The National Pork Producers Council says word that China is rolling back retaliatory tariffs on U.S. pork is good news for U.S. pork producers and Chinese consumers.

 

Over the past year the U.S. trade dispute with China has resulted in a build up of Chinese retaliatory tariffs on U.S. pork which hit 60 percent on September 1st on top of the existing 12 percent duty.

 

Last week, it was reported that China is rolling back its tariffs on U.S. Pork and U.S. soybeans.

 

Jim Monroe, the Senior Director of Communications with the National Pork Producers Council, says the Chinese tariffs have resulted in an estimated loss to American pork producers of eight dollars per hog sold in the U.S. so, if the Chinese media reports are accurate, it's a most welcome development.

 

Clip-Jim Monroe-National Pork Producers Council:

 

China has been struggling with African Swine Fever since August of last year.

 

It's decimated their domestic herd, their domestic production has seen serious declines, you're starting to see reports of pork prices for consumers rising significantly and pork is a staple of the Chinese diet.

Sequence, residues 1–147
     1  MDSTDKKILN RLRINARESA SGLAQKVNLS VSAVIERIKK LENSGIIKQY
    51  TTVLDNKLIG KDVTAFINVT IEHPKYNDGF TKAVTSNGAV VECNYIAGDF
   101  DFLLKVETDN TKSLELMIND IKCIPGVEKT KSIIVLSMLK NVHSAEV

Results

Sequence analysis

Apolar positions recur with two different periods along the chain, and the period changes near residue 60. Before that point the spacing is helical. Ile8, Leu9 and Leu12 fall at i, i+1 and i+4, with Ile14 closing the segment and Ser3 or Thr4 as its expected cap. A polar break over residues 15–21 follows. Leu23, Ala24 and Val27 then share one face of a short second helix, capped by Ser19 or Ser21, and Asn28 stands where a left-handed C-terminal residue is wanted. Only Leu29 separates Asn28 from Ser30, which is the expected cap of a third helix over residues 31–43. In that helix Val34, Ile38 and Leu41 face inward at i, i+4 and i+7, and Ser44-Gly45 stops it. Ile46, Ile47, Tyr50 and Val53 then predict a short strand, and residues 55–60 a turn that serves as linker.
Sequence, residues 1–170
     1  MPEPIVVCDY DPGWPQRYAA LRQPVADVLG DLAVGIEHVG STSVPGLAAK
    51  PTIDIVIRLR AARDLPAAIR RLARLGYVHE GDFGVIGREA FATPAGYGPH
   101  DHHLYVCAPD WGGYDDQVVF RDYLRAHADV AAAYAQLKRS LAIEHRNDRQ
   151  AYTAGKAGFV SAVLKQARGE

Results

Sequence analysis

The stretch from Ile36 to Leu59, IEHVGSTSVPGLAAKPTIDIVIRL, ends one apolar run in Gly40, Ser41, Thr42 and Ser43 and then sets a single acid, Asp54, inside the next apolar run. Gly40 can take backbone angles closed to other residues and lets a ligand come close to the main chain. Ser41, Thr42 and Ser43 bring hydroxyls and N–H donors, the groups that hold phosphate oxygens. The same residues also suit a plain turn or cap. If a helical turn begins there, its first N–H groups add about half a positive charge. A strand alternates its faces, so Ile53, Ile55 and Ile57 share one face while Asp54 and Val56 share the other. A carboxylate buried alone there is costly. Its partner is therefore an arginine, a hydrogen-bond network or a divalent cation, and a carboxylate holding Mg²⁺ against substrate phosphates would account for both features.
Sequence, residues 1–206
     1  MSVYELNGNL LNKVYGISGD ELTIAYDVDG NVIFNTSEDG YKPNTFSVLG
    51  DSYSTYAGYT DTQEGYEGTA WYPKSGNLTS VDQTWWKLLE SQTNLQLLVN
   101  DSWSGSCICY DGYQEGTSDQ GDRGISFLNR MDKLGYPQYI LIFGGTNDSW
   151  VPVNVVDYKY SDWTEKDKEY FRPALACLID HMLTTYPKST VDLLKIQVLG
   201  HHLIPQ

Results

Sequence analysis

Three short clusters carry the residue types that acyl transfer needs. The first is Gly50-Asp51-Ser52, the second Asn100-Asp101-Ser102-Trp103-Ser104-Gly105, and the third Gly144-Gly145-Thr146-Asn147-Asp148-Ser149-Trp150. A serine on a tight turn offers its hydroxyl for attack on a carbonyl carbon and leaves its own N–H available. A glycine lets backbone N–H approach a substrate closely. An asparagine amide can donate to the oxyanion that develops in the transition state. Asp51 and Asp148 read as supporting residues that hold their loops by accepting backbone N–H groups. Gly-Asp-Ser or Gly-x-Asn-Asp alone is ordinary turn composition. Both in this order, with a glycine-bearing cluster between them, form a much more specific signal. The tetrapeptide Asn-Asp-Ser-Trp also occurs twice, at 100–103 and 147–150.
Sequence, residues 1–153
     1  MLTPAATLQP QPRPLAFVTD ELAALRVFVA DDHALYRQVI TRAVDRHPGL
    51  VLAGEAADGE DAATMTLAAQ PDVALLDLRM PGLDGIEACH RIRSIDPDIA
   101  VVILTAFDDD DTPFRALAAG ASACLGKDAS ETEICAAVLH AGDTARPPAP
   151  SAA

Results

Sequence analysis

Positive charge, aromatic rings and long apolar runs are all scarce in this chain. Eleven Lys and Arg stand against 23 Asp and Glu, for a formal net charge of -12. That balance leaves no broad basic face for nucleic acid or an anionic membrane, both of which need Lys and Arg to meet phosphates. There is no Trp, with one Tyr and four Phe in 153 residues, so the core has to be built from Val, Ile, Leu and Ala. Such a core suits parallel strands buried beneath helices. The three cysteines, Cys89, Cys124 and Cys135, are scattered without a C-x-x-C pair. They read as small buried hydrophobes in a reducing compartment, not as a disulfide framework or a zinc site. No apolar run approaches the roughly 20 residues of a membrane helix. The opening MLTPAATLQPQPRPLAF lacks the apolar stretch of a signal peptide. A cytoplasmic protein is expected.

China has always been an important export market for U.S. producers, usually in the top five of export markets.

 

It's even more important now that they're dealing with African Swine Fever.

 

It represents a historic opportunity to increase exports to China at a time when they really need it and when Chinese consumers really need more supplies.

 

We're hopeful that we can compete more effectively for that opportunity and we'll see what happens as we move forward.

 

more

https://www.farmscape.com/f2ShowScript.aspx?i=27104&q=Rollback+of+Chinese+Pork+Tariffs+Good+News+for+U.S.+Producers+and+Chinese+Consumers